44 great children’s authors, poets and illustrators create and submit prompts; each author then cultivates a response to another author’s prompt. This results in The Creativity Project, edited by Colby Sharp: 44 marvelous poems, short stories, drawings, cartoon stories and even an encyclopedia entry. My favorite, by the way, was the encyclopedia entry about the Genius moon moth, an "ideavore," which feeds off the creative energy of children. The moth’s description lists many ways to entice the Genius moon moth to your neighborhood and home.
The second half of the book includes prompts from the same creators for readers to use in building their own creations. The book is chock full of imagination!
Susan Schulten here presents a beautifully printed book of historical maps, dating all the way from a Ptolemaic world map created by Henricus Martellus Germanus in 1489 or 1490 all the way down to a DeepMap data visualization for autonomous vehicles created in 2018. There are notes and analytical commentary about all 100, which include other topics such as opening the Oregon Trail, the origins of the Cold War, the geography of Hollywood, and a 1932 map of Harlem nightclubs. I was so taken with the map reproductions that I resorted to using a magnifying glass in order to take in the massive, fascinating detail included in what amounts to a real work of art.
As I was reading a review of this book the subtitle caught my attention: From Microbes to Millipedes, Camel Crickets, and Honeybees, the Natural History of Where We Live. The subject being discussed struck me as being quite horrible, yet I felt a compulsion to take a look and see what the repulsiveness was all about. The book's front flap says that author Rob Dunn, a professor in the Department of Applied Ecology at North Carolina State, 'reveals that our domestic domain, far from peaceful, is wild beyond imagination' and that 'every house is a wilderness -- brimming with thousands of species of insects, bacteria, fungi, and plants that live literally under our noses.' But, he also contends that 'the healthier we try to make our homes, the more likely we are to put our own health at risk.' This book would be a totally depressing endeavor were it not for Dunn's breezy style of writing. All who are interested in knowing who their possible housemates are should take a look at this book.
At a time when the pressure to be outwardly “public” with the granular details of our lives and our minute to minute thoughts, and where the corporate network of image-making has become a reality filter that mediates our very existence, many people are expressing a desire to break from social networking sites and their powerfully seductive and artificial influence. Akiko Busch’s new book How to Disappear: notes on invisibility in a time of transparency is an interesting work of essay, memoir and cultural criticism that meditates upon the individual and cultural pressure to constantly reify our lives through social networking sites, corporations and our jobs. At the heart of the work, is an examination of the self and whether or not, reducing our level of visibility and self-promotion can work to enrich our life experiences and deepen our relationship to others and the natural world.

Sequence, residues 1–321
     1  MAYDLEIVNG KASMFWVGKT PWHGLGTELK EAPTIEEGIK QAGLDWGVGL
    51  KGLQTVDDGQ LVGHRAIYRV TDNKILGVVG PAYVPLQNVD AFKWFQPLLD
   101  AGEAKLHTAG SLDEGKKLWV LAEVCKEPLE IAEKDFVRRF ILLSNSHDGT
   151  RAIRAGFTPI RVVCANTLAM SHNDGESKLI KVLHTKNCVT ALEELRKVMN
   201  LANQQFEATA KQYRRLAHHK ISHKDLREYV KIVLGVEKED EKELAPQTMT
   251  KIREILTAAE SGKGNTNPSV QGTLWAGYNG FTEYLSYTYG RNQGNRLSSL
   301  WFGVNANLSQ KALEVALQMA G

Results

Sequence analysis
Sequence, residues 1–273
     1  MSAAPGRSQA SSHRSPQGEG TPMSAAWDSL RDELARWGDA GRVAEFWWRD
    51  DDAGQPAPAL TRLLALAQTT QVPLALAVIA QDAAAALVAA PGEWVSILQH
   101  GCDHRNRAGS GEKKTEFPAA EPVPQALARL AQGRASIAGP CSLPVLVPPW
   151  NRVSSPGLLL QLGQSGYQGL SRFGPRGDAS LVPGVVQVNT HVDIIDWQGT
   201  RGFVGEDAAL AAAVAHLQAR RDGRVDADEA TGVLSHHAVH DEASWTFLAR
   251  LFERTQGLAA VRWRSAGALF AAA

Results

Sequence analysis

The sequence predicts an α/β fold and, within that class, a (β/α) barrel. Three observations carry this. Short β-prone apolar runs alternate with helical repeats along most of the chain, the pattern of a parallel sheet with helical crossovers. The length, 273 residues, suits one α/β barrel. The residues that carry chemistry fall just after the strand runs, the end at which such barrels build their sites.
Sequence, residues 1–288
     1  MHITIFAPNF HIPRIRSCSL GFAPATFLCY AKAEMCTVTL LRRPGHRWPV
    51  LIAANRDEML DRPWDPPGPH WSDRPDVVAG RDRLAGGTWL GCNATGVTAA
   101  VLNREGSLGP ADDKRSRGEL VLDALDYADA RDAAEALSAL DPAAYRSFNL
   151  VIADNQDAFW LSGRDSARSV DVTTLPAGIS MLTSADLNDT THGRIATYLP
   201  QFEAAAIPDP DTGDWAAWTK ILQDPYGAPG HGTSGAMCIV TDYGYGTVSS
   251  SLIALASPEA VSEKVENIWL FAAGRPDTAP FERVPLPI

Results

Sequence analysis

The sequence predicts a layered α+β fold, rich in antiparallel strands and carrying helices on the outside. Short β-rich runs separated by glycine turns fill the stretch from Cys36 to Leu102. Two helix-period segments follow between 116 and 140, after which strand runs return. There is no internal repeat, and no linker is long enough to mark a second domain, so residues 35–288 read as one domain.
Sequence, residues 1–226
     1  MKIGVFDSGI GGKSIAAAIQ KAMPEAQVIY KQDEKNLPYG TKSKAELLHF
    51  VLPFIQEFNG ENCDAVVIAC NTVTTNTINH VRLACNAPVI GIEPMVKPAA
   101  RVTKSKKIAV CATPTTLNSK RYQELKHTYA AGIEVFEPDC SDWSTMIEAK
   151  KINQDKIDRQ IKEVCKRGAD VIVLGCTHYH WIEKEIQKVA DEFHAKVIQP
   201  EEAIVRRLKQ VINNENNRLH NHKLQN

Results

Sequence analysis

Here's a recommendation for a new and very readable book in the Kalamazoo Public Library children's section. Read Dark Sky Rising: Reconstruction and the Dawn of Jim Crow. Professor Henry Louis Gates, Jr., is a much lauded scholar for his vast contribution to the understanding of history and American culture. You may know him from the PBS genealogy program Finding Your Roots. Gates wrote the book with Tonya Bolden, the award-winning author of many excellent books for young people.
The development of racist laws in the Jim Crow era along with murderous violence and property taking perpetrated as instruments of white supremacy are highest on the list of the worst kind of human behavior. As grim as aspects of this history certainly are, this book is ultimately uplifting, with stories of perseverance in the face of oppression. The final illustration in the book is a lovely group picture of a class of preschoolers in Topeka, Kansas, captioned "Faces of the Future 1899".